i get paid weekly, withdraw all the excess in cash then blow it so no interest comes into it, just wondering why you think its its crazy if it says i can pay my current mortgage off in 6 years instead of 21??? On a normal variable rate i know you can over pay on it but lets be honest if the cash is in our hands and we are shopping we are going to spend it rather than think oh i will pay some mortgage off. Was thinking with the one account it would already be gone and paid off before i get my mitts on it.


Benjimoron;3218571

Can anyone give a scenario where you would actually be better off going … Can anyone give a scenario where you would actually be better off going with a one account???



How about when after 6 years of sacrifice and overpayments im mortgage free and minted up to the eyeballs? :thumbsup:

kungfu;3219751

i get paid weekly, withdraw all the excess in cash then blow it so no … i get paid weekly, withdraw all the excess in cash then blow it so no interest comes into it, just wondering why you think its its crazy if it says i can pay my current mortgage off in 6 years instead of 21??? On a normal variable rate i know you can over pay on it but lets be honest if the cash is in our hands and we are shopping we are going to spend it rather than think oh i will pay some mortgage off. Was thinking with the one account it would already be gone and paid off before i get my mitts on it.How about when after 6 years of sacrifice and overpayments im mortgage free and minted up to the eyeballs? :thumbsup:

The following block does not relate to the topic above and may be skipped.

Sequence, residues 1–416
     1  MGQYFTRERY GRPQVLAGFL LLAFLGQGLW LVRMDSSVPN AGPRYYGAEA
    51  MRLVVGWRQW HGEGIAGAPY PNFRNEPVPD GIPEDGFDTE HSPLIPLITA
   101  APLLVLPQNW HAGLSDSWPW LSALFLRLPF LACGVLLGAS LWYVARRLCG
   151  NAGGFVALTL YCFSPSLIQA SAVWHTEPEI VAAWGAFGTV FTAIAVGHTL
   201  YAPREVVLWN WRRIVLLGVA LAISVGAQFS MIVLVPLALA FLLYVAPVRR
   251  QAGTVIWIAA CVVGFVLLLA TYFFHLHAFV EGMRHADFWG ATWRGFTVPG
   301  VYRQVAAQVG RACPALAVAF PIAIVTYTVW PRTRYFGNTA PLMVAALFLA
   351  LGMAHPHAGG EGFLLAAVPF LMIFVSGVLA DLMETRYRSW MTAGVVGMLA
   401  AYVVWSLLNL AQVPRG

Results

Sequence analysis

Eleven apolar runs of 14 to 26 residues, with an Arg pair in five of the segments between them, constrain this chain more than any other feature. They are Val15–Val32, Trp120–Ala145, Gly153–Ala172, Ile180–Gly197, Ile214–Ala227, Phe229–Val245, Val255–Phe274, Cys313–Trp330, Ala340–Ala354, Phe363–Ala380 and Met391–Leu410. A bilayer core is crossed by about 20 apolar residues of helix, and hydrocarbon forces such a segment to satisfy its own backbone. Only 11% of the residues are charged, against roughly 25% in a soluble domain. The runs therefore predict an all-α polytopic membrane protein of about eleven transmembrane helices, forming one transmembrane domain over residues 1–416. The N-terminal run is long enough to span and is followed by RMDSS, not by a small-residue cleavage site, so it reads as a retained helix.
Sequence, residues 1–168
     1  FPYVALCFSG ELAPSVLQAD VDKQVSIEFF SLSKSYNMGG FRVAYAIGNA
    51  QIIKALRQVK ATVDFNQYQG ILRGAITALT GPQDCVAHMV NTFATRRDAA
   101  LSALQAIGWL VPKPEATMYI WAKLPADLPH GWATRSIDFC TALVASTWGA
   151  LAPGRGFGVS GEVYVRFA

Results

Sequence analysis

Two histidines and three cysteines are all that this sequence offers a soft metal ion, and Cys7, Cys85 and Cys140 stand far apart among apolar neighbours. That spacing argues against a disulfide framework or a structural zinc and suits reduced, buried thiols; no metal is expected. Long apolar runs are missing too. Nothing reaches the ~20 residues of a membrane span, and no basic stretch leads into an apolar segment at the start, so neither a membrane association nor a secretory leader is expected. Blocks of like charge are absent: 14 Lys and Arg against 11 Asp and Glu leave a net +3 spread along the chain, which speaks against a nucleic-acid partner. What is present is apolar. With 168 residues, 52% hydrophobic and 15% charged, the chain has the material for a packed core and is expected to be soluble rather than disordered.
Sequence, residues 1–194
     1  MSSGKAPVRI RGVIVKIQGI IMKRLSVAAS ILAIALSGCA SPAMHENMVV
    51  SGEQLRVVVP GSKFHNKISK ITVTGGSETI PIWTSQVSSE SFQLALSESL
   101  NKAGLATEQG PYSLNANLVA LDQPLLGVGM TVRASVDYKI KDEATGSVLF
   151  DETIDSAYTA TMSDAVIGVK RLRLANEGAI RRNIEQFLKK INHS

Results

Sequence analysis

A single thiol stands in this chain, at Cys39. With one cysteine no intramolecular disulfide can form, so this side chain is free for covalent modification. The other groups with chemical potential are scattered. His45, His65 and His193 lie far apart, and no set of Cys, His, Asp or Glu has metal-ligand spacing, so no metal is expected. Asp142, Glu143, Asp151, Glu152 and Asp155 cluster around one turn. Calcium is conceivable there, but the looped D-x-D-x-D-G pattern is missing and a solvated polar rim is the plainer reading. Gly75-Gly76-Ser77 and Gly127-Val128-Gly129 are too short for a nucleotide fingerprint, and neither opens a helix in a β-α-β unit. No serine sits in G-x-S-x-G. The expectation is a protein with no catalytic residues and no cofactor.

It doesn't work quite how you think it does, it's basically just a current account that instead of earning interest, decreases the interest on your mortgage. This is of course a great idea, saves paying tax. The only problem is that their rate isn't as good as you could get if you went elsewhere.

Quite simply the one mortgage will cost you more. If you decide to overpay and pay it off quicker then that's great, but you'd still be better off doing the same thing but with a different mortgage.

If you're looking for something to help you be more disciplined in putting money aside then look at a regular saver account. This mortgage won't help you be any more disciplined.

Where does it say you can pay off your mortgage in 6 years rather than 21? I'd like to see the figures behind that as it doesn't really make sense. If you are overpaying then you can pay it off early but that's because you're overpaying, not because you've got a one mortgage.

I'll try to give an example in a minute which might make more sense.

Benjimoron;3209125

These things may give you the interest off your mortgage but you won't be … These things may give you the interest off your mortgage but you won't be earning interest on it as you would normally so in effect you're not really any better off. In fact I would go so far as to say the rate is usually higher than other mortgages so you're losing out.Example:£100,000 mortgage at 5% costing £5,000 per year.£100,000 offset mortgage at 5.5% per year, with £5,000 savings costing £5,225 per year.So if the offset mortgage is more by lets say 0.5% then you'd need £10k more in savings in order to break even. But obviously if you had that £10k you'd be earning interest in an ISA for example.



Actually, this example is fine.

Can you not see that the one mortgage would cost you an extra £225 per year on a £100k mortgage, even if you magically had £5k sitting in your current account which wasn't earning interest but now is saving you interest. (You shouldn't be in a situation where you have £5k earning no interest, you should be getting at least 5% on it anyway).

So quite simply, in a direct comparison (if we use £5k in both examples rather than just the one mortgage) you'd be paying an extra £500 a year on a £100k mortgage with the one mortgage.

So instead of getting the one mortgage, just get a savings account or overpay your current mortgage, which ever will give you the best rate on your money after tax. Doing this will save you £500 a year over the one mortgage.

kungfu;3219751

i get paid weekly, withdraw all the excess in cash then blow it so no … i get paid weekly, withdraw all the excess in cash then blow it so no interest comes into it,: